July 12, 2020

There is something good to report this week, even if it may be premature to call it a definitive pattern.

It has been four months since the pandemic first hit the country in late February. We have witnessed many ups and downs, in everything from the response of the health sector and the authorities to the incidence of the disease and the deaths caused due to it, to even how as a society Pakistanis came to terms with the virus. It has been a bumpy ride with a new challenge at every corner.

As we put this edition to bed, Pakistan has recorded over 240,000 clinically confirmed cases and around 5,000 deaths due to Covid-19. The crisis has tested the absolute limits of not just governments, systems and health professionals but also of societies, collectively, and of people, individually. In this report, we try to make sense of those behaviours.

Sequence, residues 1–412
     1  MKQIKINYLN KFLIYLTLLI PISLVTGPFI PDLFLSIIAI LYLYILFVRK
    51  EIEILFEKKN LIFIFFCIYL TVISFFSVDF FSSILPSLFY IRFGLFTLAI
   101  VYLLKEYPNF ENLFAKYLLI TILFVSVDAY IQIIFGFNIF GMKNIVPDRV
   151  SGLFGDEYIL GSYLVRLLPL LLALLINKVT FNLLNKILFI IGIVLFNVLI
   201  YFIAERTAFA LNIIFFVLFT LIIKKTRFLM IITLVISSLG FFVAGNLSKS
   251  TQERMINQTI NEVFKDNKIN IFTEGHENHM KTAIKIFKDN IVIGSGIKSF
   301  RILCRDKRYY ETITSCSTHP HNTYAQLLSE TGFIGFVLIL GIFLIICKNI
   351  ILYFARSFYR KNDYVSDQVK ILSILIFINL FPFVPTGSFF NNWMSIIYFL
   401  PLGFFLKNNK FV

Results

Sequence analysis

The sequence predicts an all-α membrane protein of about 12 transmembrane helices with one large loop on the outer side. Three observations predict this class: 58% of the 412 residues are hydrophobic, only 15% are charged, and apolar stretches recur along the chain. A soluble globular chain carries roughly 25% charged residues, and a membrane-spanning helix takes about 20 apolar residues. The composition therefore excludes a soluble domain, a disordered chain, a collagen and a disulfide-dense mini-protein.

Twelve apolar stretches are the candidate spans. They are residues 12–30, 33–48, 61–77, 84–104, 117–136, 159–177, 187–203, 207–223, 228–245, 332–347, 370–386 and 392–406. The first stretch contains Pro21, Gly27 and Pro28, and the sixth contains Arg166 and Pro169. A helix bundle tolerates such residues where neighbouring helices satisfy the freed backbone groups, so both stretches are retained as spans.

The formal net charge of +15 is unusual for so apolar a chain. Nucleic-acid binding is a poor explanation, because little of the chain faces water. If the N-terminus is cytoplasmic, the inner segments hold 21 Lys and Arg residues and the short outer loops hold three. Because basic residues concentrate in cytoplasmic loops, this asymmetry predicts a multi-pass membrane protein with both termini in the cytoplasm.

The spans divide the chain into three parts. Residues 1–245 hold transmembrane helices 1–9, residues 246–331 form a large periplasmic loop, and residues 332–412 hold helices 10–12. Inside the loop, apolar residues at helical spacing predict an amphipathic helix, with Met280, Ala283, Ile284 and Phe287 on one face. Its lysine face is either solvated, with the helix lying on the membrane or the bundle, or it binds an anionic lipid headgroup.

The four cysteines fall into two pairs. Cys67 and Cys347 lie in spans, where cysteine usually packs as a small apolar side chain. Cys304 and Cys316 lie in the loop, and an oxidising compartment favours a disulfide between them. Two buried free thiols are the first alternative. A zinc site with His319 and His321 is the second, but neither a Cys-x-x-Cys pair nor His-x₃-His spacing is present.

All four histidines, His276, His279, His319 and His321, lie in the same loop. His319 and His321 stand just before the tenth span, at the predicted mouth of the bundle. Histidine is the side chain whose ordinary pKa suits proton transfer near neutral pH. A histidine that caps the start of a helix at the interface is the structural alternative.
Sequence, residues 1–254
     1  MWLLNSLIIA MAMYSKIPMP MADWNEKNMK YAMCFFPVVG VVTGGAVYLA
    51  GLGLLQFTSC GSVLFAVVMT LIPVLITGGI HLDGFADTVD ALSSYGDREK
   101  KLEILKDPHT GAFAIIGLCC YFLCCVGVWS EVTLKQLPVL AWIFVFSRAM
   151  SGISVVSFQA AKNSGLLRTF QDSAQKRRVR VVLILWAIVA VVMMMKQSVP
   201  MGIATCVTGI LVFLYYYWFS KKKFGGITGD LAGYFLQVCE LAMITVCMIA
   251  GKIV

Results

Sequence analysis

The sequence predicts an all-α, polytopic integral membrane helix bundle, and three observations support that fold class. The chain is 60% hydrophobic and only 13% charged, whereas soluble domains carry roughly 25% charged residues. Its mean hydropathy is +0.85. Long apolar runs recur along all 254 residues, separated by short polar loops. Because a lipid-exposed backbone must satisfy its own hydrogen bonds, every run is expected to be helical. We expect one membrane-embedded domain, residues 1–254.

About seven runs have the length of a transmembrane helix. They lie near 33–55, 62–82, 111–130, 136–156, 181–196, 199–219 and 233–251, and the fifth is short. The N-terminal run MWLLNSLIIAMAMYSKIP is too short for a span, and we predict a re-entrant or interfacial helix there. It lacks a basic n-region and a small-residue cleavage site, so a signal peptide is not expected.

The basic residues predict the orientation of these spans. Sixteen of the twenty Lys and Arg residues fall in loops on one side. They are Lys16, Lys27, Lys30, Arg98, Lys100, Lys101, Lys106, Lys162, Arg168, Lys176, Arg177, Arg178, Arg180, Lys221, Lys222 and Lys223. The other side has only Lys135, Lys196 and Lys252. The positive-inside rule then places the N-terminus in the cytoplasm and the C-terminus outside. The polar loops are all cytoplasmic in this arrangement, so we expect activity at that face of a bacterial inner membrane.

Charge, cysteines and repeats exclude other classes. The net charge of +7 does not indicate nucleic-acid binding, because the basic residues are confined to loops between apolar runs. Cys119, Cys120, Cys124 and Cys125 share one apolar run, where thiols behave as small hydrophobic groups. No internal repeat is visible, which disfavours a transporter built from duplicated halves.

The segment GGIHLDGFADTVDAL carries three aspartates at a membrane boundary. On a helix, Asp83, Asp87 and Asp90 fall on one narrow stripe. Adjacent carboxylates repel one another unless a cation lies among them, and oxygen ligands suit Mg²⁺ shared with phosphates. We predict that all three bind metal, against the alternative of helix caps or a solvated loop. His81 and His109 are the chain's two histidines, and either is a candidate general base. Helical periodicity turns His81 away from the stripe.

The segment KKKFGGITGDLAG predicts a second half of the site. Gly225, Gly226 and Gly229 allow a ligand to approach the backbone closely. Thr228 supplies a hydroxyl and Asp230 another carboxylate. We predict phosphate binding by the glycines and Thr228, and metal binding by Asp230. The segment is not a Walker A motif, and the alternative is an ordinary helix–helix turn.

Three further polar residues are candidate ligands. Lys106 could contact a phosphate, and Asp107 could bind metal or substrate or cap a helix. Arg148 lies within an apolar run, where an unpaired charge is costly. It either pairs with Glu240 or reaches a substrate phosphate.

There is something good to report this week, even if it may be premature to call it a definitive pattern. While the number of active cases in the country’s largest province, the Punjab, stands at almost 85,000, recent official figures suggest a declining trend. Some officials have called it a vindication of the efficacy of medical and social interventions that have been put in place.

But reservations persist. Given the lack of a policy of transparency, at least initially, it should not come as a surprise that all ‘good news’ is taken with a pinch of salt. The number of confirmed fresh infections may have declined but so has the number of tests done. Has the change in strategy been prompted by a lower number of people reporting their symptoms or is it the other way round – less tests are indicating a lower number of confirmed cases?

There is little point, however, in dismissing all positive news based on speculation alone. Granted that the virus is new, ongoing researches will improve our understanding of it. Early conclusions might turn out to have been flawed. But keeping even that possibility in mind, the manner in which containment and mitigation strategies were formulated, SOPs implemented and governance done, quite a few questions remain unanswered, even if out of sheer curiosity and not scepticism.

Four months down the line, we explore this and more.